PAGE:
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Inguinal Hernia Repair Surgery
Fast Facts About Inguinal Hernia Repair
- An inguinal hernia is an opening in the belly (abdominal) wall near the groin. Fluid or intestines can pass through this opening if it is left untreated.
- Because an inguinal hernia will not go away by itself, surgery is always needed.
- Your child’s surgery will be done under general anesthesia, which means that he will be sound asleep during the surgery.
- In addition to the general anesthesia, your child may receive caudal anesthesia, which will give pain relief in the area below the waist.
- A pediatric urology doctor—a specialist in surgery of the urinary tract and reproductive organs of children—will do your child’s inguinal hernia repair.
- This surgery takes between 30 minutes to 1 hour.
What Is An Inguinal Hernia?
An inguinal (IN-gwa-nul) hernia is an internal opening in the inguinal canal, which is located within the abdominal or belly wall. In boys, the inguinal canal is a passageway between the abdomen and the scrotum—the sac of skin that holds the testicles on the outside of the body. The testicles are attached to a cord called the spermatic cord, which passes through the inguinal canal. Before birth, a baby boy’s testicles are located high inside his belly. As the baby develops inside the mother, his testicles drop down through this passageway into the scrotum. In girls, the inguinal canal is the passageway for a ligament that holds the uterus in place. Whether in a boy or a girl, the passageway or opening usually closes up by itself before the baby is born. If it does not, a pouch may form in the inner lining of the belly. That pouch is called an inguinal hernia.
Although both boys and girls can have inguinal hernias, they are much more common in boys than girls. Often the hernia goes undetected for years because of its small size, and may not be noticed until a child is in his or her teens. Usually, inguinal hernias are found by pediatricians during routine physical exams. Nearly all cases of inguinal hernias are congenital (con-JEN-it-tool), meaning that they were present at birth. Straining, coughing or crying may make the hernia more visible, but they are not the cause of the hernia. Inguinal hernias in children are not the same as hernias or “ruptures” that adults may get from straining or lifting.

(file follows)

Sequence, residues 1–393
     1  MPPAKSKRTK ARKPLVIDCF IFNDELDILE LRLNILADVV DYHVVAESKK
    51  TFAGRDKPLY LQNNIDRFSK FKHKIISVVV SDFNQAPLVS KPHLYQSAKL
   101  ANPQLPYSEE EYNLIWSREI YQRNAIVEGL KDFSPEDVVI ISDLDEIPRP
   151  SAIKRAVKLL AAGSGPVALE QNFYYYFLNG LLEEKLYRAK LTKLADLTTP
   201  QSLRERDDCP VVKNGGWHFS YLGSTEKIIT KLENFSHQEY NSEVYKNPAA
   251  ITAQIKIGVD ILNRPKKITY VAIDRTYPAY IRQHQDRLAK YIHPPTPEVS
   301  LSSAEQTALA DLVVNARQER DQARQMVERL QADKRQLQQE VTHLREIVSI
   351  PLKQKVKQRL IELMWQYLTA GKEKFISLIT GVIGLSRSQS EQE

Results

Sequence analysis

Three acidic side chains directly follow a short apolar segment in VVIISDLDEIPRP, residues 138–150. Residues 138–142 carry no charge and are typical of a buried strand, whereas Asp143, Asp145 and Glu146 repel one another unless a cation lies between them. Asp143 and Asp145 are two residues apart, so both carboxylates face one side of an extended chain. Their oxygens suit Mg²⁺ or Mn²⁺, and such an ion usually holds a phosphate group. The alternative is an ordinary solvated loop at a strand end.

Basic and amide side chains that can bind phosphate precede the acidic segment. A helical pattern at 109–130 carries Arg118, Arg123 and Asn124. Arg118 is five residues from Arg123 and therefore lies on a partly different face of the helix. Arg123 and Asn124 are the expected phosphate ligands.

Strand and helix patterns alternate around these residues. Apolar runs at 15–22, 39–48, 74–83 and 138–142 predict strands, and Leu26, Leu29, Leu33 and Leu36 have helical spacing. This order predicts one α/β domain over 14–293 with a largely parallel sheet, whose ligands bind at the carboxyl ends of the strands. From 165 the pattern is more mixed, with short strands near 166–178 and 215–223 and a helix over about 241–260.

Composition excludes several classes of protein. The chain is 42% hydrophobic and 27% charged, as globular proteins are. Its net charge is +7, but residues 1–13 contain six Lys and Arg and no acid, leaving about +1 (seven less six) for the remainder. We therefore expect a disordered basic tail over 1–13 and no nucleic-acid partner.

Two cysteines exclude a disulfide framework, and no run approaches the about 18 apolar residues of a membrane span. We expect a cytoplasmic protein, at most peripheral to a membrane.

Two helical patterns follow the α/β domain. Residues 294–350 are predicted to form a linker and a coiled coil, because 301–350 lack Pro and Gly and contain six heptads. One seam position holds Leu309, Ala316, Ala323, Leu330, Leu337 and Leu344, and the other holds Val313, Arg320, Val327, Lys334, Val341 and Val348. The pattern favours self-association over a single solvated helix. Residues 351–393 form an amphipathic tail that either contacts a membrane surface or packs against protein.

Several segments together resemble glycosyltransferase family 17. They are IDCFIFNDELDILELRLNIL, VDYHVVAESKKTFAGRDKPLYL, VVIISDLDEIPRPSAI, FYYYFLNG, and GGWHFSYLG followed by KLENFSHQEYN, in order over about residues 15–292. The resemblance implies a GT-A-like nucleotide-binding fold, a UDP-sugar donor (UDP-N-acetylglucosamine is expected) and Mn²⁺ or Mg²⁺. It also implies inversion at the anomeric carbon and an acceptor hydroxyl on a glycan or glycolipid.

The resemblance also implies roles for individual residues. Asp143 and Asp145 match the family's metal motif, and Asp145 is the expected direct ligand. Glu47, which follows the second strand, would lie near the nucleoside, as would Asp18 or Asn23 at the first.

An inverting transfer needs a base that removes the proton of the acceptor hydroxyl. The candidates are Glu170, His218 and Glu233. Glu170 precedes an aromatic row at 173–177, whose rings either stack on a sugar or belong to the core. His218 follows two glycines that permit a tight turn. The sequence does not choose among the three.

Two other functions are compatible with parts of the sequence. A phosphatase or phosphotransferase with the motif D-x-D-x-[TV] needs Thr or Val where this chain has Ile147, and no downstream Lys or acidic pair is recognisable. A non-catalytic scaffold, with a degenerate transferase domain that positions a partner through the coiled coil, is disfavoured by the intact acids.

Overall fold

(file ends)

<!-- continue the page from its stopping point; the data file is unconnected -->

Inguinal hernia repair is one of the most common surgeries done on babies and children. Most inguinal hernias can be repaired as an “elective” surgery, which means that surgery can be scheduled at the parents’ earliest convenience.
- In some cases, part of the intestine can drop down through the opening and occasionally become trapped. If your child has pain near the hernia site, you should call your doctor immediately. This condition is unpredictable and can be very serious because the trapped intestine can die within a few hours. Emergency surgery may be necessary.
- For this reason, surgery sometimes needs to be done soon after your doctor diagnoses an inguinal hernia.
- Fluid may build up in the scrotum, causing a bulge or swelling around the testicles. This build up of fluid is called a hydrocele (HI-dro-seal). In most newborn boys, the fluid will be absorbed back into the body over time, usually by 6 to 12 months of age. If the hydrocele changes sizes—that is, swells and shrinks every day—it is more likely to be an inguinal hernia and require surgical repair.
What Is Anesthesia?
General anesthesia (an-es-THEEZ-ya) makes your child’s whole body go to sleep and is needed for inguinal hernia repair so that his reflexes will be completely relaxed. General anesthesia makes the surgery easier and safer to do because your child will not feel any pain or have any memory of it.
Caudal (COD-ool) anesthesia is given with general anesthesia to block pain in the low back, belly and lower trunk area and provides up to 4 hours of pain relief in that area after the surgery. Caudal anesthesia is usually intended for younger children or those having hernias repaired on both sides.
When general anesthesia is needed, there are important rules for eating and drinking that must be followed in the hours before the surgery. One business day before your child’s surgery, you will receive a phone call from a surgical nurse between the hours of 1 and 9 p.m. (Nurses do not make these calls on weekends or holidays.) Please have paper and a pen ready to write down these important instructions.
- The nurse will give you specific eating and drinking instructions for your child based on your child’s age. Following are the usual instructions given for eating and drinking. No matter what age your child is, you should follow the specific instructions given to you on the phone by the nurse.
For children older than 12 months:
- After midnight the night before the surgery, do not give any solid food or non-clear liquids. That includes milk, formula, juices with pulp, chewing gum or candy.
For infants under 12 months:
- Up to 6 hours before the scheduled arrival time, formula-fed babies may be given formula.
- Up to 4 hours before the scheduled arrival time, breastfed babies may nurse.
For all children:
- Up to 2 hours before the scheduled arrival time, give only clear liquids. Clear liquids include water, Pedialyte® , Kool-Aid® and juices you can see through, such as apple or white grape juice. Milk is not a clear liquid.
- In the 2 hours before scheduled arrival time, give nothing to eat or drink.
- You may bring along a “comfort” item—such as a favorite stuffed animal or “blankie”—for your child to hold before and after the surgery.
A Parent’s/Guardian’s Role